5 things to know about Takata air bag recall investigation
The Associated Press
Feb. 20, 2015
Japanese auto parts maker Takata Corp. isn't cooperating with the government's investigation of its air bags, the National Highway Safety Administration said Friday as it imposed fines of $14,000 a day that will continue until key safety information is provided.
Here are five things to know about the Takata air bag recalls:
WHAT IS WRONG WITH THE AIR BAGS? The inflators propelled by ammonium nitrate can explode with too much force, spewing shrapnel into drivers and passengers. At least six people have been killed and 64 injured worldwide due to the problem. Seventeen million vehicles have been recalled in the U.S. by 10 automakers since 2008. Only about 2 million, or 12 percent, have been fixed, largely due to lack of parts.
WHY ARE SOME RECALLS ONLY IN AREAS OF HIGH HUMIDITY? Government investigators believe that prolonged exposure to moisture in the air makes the inflator chemical burn too fast, creating too much pressure. That can shatter metal canisters meant to contain the explosion that inflates the bags. But they don't know exactly how much humidity over what time frame can cause the problem. Driver's side air bags have been recalled nationwide, but recalls of passenger side air bags were limited to Florida, Puerto Rico, areas near the Gulf of Mexico including Texas, Alabama, Mississippi, Georgia, and Louisiana, as well as Guam, Saipan, American Samoa, U.S. Virgin Islands and Hawaii.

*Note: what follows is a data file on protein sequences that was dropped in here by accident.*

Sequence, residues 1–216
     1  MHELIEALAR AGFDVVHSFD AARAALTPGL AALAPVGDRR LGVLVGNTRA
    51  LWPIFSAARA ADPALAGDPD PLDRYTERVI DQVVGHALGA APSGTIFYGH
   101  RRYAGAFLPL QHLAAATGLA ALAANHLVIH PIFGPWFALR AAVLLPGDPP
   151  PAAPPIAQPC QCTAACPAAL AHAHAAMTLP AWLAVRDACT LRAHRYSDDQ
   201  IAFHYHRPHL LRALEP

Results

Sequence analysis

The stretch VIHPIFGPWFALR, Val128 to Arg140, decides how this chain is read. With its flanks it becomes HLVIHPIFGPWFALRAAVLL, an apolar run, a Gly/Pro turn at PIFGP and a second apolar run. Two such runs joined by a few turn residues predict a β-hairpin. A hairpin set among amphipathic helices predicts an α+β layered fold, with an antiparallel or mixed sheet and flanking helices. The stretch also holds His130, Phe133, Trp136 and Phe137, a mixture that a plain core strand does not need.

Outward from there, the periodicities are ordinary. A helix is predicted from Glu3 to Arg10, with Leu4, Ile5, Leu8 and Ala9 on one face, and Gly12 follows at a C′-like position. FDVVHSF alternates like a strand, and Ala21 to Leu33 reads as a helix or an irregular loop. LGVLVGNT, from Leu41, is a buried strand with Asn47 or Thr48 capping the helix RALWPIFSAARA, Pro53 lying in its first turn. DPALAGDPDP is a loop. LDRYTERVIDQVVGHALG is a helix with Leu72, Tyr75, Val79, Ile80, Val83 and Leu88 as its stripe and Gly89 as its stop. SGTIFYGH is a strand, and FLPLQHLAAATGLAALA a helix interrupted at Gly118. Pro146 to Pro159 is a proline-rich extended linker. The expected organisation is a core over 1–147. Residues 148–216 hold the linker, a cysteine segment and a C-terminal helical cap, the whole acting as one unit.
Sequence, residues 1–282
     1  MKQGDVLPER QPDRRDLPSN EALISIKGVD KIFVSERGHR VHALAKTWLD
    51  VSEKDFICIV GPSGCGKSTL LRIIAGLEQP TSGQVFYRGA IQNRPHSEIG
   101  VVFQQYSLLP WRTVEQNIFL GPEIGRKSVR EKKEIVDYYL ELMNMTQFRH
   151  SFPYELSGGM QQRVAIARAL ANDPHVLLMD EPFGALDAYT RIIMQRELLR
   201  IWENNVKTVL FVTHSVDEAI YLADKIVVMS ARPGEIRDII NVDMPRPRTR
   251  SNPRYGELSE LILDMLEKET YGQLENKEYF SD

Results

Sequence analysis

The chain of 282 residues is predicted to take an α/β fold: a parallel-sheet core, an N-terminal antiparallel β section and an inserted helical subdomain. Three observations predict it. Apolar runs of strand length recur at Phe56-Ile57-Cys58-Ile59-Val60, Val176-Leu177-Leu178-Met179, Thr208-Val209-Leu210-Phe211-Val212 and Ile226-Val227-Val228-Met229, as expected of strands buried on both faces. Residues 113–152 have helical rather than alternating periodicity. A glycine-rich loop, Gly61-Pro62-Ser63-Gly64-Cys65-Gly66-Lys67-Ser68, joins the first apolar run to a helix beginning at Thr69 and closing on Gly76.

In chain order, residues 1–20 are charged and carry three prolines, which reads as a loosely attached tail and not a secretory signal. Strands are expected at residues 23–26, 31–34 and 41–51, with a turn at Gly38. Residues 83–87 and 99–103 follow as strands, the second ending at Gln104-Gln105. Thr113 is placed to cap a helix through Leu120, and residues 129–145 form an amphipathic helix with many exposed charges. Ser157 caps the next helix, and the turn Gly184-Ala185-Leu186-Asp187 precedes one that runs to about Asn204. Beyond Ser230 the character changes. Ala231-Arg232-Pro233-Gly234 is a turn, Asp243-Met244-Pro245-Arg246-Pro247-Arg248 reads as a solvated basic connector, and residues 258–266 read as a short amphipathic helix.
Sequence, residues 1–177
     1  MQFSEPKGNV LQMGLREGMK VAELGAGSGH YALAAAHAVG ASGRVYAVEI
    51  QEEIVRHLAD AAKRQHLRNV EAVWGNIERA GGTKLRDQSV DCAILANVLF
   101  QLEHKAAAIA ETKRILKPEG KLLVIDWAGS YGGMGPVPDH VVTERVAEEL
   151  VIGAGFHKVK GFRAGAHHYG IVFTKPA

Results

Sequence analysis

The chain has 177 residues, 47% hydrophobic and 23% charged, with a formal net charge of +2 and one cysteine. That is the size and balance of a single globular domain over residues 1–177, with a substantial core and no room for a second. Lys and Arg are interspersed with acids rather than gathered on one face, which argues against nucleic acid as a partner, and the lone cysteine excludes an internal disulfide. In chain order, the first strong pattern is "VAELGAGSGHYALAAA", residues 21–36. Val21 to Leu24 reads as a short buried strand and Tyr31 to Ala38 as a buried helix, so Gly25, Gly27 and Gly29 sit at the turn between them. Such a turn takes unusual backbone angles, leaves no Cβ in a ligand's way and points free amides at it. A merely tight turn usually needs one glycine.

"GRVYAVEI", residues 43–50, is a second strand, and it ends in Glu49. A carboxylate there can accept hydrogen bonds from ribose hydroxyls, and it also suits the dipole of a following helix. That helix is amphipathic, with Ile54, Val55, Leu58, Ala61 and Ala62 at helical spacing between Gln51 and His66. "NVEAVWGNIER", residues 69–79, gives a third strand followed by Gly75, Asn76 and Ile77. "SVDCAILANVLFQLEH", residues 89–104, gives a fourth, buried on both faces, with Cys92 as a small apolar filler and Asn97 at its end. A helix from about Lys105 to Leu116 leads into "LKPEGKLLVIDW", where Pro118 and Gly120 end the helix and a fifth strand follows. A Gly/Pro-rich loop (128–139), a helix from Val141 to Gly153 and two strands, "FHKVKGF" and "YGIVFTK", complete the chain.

WHAT DOES TAKATA SAY? Takata has challenged the National Highway Traffic Safety Administration's demand for a national recall of driver's air bags, but automakers did it on their own. The company says the safety administration has authority to require recalls by automakers, not a parts supplier like Takata. It also says tests of 10,000 inflators don't show any reason for the recalls to be expanded.
WHAT IS BEING DONE NOW? The government says it must be able to explain what is going wrong with the air bags and why in order to force Takata into a national recall. Three groups are testing the air bags: Takata, an independent contractor hired by the company, and a group of 10 automakers. Also, the government plans to issue an order next week requiring people who have filed lawsuits against Takata to share with federal investigators the results of safety tests on air bags that were involved in crashes, and making inflators available to plaintiffs lawyers for testing.
HOW CAN I BE SURE MY AIR BAGS ARE SAFE? While the testing continues, the only thing you can do is check to see if your car has been recalled and get the repairs done as soon as possible. To check, go to https://vinrcl.safercar.gov/vin/ and key in your 17-digit vehicle identification number, which is stamped on your dashboard near the driver's side windshield. The site will tell you if there's a recall. If so, contact your dealer.